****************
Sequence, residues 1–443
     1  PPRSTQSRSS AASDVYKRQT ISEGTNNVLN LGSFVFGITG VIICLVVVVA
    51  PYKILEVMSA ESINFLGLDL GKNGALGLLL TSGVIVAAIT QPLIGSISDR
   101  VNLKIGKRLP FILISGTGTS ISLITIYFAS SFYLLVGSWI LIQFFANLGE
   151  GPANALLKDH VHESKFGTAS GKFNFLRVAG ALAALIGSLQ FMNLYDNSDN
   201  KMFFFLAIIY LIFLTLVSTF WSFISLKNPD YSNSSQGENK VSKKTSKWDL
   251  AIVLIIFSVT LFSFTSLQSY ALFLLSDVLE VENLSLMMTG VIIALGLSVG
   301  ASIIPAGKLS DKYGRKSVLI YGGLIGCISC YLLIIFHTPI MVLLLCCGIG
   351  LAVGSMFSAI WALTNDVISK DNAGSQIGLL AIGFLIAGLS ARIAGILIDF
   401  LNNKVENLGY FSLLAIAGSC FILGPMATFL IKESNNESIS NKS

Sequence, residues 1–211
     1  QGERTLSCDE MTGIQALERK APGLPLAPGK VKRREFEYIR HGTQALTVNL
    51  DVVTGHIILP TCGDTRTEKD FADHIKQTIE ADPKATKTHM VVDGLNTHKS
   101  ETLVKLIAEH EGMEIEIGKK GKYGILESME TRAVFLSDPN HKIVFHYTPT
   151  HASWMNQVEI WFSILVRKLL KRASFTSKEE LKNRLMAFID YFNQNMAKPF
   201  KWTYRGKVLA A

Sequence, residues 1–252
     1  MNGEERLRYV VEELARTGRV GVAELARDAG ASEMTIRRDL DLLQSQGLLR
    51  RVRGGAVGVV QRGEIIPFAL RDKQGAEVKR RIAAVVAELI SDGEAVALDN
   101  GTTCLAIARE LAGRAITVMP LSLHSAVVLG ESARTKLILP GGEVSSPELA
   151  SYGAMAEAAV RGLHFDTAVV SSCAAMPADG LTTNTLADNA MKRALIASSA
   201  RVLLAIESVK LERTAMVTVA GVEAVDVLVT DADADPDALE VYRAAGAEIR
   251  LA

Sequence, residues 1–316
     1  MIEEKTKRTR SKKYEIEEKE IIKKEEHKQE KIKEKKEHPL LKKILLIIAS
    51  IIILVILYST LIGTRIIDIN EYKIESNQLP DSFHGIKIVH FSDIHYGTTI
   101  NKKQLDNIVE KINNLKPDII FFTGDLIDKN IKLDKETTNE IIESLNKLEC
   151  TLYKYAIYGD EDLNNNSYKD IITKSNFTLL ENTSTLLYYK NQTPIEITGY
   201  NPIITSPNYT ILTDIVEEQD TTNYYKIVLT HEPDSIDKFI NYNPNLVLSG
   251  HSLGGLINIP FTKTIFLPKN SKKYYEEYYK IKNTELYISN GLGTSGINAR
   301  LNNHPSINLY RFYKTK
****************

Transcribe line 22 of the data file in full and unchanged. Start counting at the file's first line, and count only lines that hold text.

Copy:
   201  RVLLAIESVK LERTAMVTVA GVEAVDVLVT DADADPDALE VYRAAGAEIR